Optimum cow size has been one of the most hotly debated topics in the beef industry for many years.  Mature size is an important trait because of its influence on nutritional requirements, calf weaning weight and ultimately, carcass size.  Early growth traits are correlated positively with mature size.  In other words, when selection is based on growth rate alone, mature size will increase. Larger cows have greater nutrient requirements simply because they have more biologically active tissue to maintain.  However, greater nutrient requirements do not always mean lower cow efficiency.  For example, a large factory may have greater fixed and variable costs compared to a small factory but cost per unit of product often favors the larger factory, because fixed costs are spread over more units of production.  In areas of abundant, high quality forage, low cost feed grains and protein sources, the increased value of production per cow may offset the increased feed inputs.  Table 5 shows the energy needed for maintenance, gestation (fetal development) and lactation of two cows differing in mature size with the same genetic potential for milk production.  

 

Table 5.  Comparison of energy required for 1100 and 1400 lb. beef cowsa.

Item

Moderate

Large

Difference, %

Mature weight, lb.

1100

1400

27

Energy required for one year, expressed as megacalories of net energy

 

Maintenanceb

3317

3976

20

Gestation

 356

 450

26

Lactation

 899

 899

0

Total

4572

5325

16

aAssumes calf birth weight is 6.8% of cow weight and peak milk production is 18 lb. per day.

bMaintenance energy requirements = .077 Mcal NEm / kg empty shrunk weight.

 

Even though the 1400 lb. cow is 27% heavier than the 1100 lb. cow, she requires 20% greater energy for maintenance and 16% greater total energy.  However, one key implication is that fewer 1400 lb. cows can be stocked on a given unit of land due to the greater total energy requirement.  If stocking density is not reduced for the larger cows, greater supplementation will be required to maintain moderate body condition and thus, reproductive success.  Consequently, larger cows are better suited to operations with abundant, high quality forage and/or low cost supplemental nutrient sources. 

 

Milk production

 

Milk production is an important trait because of its dramatic influence on feed requirements and calf weight at weaning.  Milk production has increased substantially in beef cattle over the past 15 years (Figure 1).  According to information from national cattle evaluations, milk production in most breeds of cattle continues to climb steadily.

 

 

 

 

Like increased mature size, increased milk production does not come without a cost.  Milk is a nutrient dense product, with about 25% protein and 130% total digestible nutrients.  Table 6 shows the energy required for maintenance, gestation and lactation for 1100 lb beef cows differing in milk production.  Because of milk’s high protein content, protein requirements increase by .03 lb per pound of additional milk produced.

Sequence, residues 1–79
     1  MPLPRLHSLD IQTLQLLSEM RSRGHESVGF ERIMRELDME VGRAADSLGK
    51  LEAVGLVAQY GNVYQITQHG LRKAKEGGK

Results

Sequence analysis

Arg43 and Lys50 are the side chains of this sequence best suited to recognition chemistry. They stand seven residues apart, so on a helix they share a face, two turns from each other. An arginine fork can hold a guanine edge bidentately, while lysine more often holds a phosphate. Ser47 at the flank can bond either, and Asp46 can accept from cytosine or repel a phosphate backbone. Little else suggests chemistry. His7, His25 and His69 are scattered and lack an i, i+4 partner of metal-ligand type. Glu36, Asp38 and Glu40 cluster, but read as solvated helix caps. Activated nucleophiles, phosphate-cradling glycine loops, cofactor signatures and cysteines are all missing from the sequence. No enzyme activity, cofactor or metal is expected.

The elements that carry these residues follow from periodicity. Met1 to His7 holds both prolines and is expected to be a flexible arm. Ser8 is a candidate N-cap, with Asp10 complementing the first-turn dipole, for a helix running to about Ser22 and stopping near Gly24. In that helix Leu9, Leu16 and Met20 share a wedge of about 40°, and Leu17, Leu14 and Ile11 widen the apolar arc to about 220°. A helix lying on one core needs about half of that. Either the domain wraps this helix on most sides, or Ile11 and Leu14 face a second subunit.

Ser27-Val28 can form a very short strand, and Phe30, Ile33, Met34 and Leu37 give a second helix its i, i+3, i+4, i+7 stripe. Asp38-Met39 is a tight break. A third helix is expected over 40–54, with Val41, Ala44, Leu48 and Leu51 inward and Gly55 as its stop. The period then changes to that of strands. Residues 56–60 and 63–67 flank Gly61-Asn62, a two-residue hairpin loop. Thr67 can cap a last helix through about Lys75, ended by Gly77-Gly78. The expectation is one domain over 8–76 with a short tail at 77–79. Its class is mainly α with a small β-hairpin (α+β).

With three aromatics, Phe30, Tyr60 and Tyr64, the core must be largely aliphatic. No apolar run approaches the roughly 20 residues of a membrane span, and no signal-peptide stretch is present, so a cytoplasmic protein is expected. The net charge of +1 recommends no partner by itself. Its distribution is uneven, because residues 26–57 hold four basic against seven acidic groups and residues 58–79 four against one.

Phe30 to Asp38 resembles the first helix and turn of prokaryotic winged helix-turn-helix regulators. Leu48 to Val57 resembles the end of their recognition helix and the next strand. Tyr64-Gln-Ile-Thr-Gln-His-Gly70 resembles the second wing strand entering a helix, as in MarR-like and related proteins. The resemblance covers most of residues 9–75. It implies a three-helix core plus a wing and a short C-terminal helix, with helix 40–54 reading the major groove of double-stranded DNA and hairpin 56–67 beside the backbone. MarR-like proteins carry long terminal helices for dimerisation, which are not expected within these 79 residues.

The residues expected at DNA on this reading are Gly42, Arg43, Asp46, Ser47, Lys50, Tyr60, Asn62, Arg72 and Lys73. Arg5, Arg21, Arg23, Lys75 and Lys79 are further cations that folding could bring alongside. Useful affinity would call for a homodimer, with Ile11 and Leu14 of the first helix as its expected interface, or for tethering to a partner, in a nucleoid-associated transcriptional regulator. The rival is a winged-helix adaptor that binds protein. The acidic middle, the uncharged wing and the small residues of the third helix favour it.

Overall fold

Table 6.  Comparison of energy required for cows varying in milk production 

 

Peak milk yield, lb/day

Item

12

18

24

 

Energy required for one year, expressed as megacalories of net energy

Maintenancea

3317

3317

3317

Gestation

356

356

356

Lactation

600

899

1198

Total

4273

4572

4871

 

 

 

% of Total

Maintenance

77.6

72.6

68.0

Gestation

8.4

7.8

7.4

Lactation

14.0

19.6

24.6

aAssumes maintenance requirement is constant at .077 Mcal NEm / kg shrunk body weight.

 

Even though cows with peak milk production of 24 lb. produce twice as much milk compared to cows with 12 lb. peak milk, energy requirements are only 14% greater.  This is a result of less total energy being used for maintenance and a greater%age of energy being directed to milk production.  Note that maintenance requirements were assumed to remain constant, which is likely not the case.  The bottom line is that total nutrient requirements are greater with higher milk production.  In an Oklahoma study (Buchanan et al., 1996), crossbred cows were mated to Hereford and Angus bulls that differed widely in milk expected progeny difference (EPD).  Cows from both high and low milk EPD sires were managed together, so that both groups receive similar supplementation.  During the first two years of this trial, Angus sired cows from bulls with high milk EPD’s have had lower body condition scores at weaning compared to Angus sired cows from bulls with low milk EPD’s (Table 7).  Cows from Hereford sires did not differ significantly.  Increasing milk production beyond moderate levels may add to enterprise risk due to year to year variation in forage availability, quality and supplement costs.    

 

Table 7.  Calf weaning weight and cow body condition score from cows sired by high and low milk EPD bullsa.